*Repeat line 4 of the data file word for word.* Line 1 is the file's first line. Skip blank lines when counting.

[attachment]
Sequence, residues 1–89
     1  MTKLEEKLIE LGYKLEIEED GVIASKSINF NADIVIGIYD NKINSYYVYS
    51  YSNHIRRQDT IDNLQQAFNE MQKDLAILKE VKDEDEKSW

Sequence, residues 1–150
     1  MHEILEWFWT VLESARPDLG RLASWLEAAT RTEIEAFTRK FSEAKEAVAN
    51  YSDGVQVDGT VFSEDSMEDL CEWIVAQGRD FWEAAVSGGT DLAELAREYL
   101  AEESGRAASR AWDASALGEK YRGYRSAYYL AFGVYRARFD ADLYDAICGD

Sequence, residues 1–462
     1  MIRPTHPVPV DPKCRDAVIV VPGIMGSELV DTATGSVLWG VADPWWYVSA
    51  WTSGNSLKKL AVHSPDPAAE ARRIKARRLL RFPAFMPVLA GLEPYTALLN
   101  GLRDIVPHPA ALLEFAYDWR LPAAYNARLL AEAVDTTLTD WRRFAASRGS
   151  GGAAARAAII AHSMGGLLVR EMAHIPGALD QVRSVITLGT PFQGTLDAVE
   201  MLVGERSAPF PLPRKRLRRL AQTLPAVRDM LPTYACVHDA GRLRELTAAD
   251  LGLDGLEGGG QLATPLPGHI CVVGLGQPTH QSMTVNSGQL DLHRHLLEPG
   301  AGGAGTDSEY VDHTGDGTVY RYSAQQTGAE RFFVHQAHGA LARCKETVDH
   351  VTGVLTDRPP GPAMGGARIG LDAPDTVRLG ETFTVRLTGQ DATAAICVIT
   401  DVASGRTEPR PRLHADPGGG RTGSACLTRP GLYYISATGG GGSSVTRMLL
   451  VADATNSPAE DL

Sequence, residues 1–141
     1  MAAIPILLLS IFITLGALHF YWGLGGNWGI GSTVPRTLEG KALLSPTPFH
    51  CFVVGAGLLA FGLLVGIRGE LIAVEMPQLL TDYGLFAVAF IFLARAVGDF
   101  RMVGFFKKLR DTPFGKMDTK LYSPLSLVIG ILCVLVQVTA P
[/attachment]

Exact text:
Sequence, residues 1–150